Adaptation of Radiology Software to Improve Cardiology Results Reporting

Robert Gregory Webster*, Kendra M Ward, Barbara Deal, Jeffrey B. Anderson, Sabrina Tsao

*Corresponding author for this work

Research output: Contribution to journalArticlepeer-review


Summary Objective: Twenty-four hour ambulatory electrocardiograms (Holter monitors) are a key diagnostic test in cardiology. Commercial electronic medical record (EMR) tools have not been designed for pediatric Holter monitor reporting and paper-based methods are inefficient. Methods: Our tertiary pediatric hospital adapted a radiology EMR tool to a cardiology workflow in order to report Holter monitor results. A retrospective review was performed at 4 time points: prior to intervention, immediately post-intervention, at 6 months and at 12 months post-intervention. The primary outcome variable was time to reporting of Holter findings. Results: Holter reports were reviewed on 527 studies (patient ages: 1 day to 42 years). The time between the date the patient returned the Holter monitor until the date the referring physician received a final report improved from 19.8 days to 1.5 days (p<0.001). This result was durable over the next 12 months of follow-up. Physician interpretation time improved from 2.1 days to 0.6 days (p=0.01). Transcriptionist time and result scanning time were eliminated (removing 1.9 days and 14 days from the workflow, respectively). Conclusion: EMR systems are not typically designed for pediatric cardiology, but existing systems can be adapted, yielding important gains for patient care. In specialties like pediatric cardiology, there is insufficient volume nationally to drive development of commercial systems. This study demonstrates the general principle that creative adaptation of EMR systems can improve result reporting in pediatric cardiology and likely in other cardiology practices. Citation: Webster G, Ward K, Deal BJ, Anderson JB, Tsao S. Adaptation of Radiology Software to Improve Cardiology Results Reporting. Appl Clin Inform 2017; 8: 936-944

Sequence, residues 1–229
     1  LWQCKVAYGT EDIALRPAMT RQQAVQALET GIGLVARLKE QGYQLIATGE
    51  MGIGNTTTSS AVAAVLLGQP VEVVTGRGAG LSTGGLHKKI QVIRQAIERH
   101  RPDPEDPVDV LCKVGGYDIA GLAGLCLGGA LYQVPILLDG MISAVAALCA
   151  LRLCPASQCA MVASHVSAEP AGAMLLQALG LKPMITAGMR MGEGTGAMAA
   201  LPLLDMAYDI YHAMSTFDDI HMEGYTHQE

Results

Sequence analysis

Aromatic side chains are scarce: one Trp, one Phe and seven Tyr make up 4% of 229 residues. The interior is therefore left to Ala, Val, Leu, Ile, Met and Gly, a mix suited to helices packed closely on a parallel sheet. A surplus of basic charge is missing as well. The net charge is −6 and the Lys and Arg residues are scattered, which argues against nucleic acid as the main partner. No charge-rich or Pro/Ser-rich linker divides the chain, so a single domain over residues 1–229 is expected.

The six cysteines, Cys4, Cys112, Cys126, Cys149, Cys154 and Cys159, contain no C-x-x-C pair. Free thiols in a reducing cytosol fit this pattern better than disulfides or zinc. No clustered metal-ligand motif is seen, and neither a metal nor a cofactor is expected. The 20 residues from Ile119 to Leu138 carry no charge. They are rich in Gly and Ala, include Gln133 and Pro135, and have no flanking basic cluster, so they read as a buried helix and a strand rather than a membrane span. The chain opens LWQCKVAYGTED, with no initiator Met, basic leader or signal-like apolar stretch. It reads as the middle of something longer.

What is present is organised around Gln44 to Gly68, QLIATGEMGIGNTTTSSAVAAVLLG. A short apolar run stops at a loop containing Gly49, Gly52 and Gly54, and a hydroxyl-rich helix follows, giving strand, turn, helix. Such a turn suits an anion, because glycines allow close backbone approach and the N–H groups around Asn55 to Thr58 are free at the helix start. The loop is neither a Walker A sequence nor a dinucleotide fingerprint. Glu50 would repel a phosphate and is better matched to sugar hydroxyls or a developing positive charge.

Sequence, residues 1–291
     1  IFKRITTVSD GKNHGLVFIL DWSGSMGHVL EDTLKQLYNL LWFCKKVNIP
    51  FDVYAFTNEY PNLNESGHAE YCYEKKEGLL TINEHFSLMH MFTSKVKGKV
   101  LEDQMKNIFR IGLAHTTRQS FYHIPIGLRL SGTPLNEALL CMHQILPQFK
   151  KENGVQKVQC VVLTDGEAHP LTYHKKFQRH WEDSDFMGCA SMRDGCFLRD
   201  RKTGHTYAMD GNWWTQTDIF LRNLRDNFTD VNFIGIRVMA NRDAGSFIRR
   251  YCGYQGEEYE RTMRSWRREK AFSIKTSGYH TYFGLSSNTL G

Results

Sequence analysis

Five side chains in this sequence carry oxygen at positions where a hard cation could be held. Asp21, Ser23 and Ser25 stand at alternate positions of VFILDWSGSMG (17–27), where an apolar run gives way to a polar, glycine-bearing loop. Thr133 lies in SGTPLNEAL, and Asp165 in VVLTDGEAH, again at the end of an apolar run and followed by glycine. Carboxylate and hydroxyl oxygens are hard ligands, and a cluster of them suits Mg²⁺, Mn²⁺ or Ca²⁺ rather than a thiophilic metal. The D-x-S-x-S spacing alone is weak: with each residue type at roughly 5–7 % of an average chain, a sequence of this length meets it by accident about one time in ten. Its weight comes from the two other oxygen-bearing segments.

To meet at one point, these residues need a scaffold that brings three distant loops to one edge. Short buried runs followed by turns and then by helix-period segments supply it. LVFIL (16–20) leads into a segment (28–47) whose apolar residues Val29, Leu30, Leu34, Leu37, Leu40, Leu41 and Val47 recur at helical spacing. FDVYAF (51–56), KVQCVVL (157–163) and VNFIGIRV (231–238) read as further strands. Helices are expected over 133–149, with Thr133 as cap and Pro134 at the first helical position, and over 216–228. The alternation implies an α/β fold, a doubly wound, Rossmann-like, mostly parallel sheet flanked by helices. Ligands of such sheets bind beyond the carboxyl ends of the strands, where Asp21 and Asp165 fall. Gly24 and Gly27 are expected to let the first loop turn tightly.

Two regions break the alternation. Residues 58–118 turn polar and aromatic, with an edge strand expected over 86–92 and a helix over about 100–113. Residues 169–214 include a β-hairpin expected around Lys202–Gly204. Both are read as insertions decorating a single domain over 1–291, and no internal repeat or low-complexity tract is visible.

Original languageEnglish (US)
Pages (from-to)936-944
Number of pages9
JournalApplied Clinical Informatics
Issue number3
StatePublished - Jan 1 2017


  • Ambulatory care information systems
  • Clinical Care
  • Electronic Health Records
  • Pediatrics
  • Quality Improvement

ASJC Scopus subject areas

  • Health Information Management
  • Health Informatics
  • Computer Science Applications


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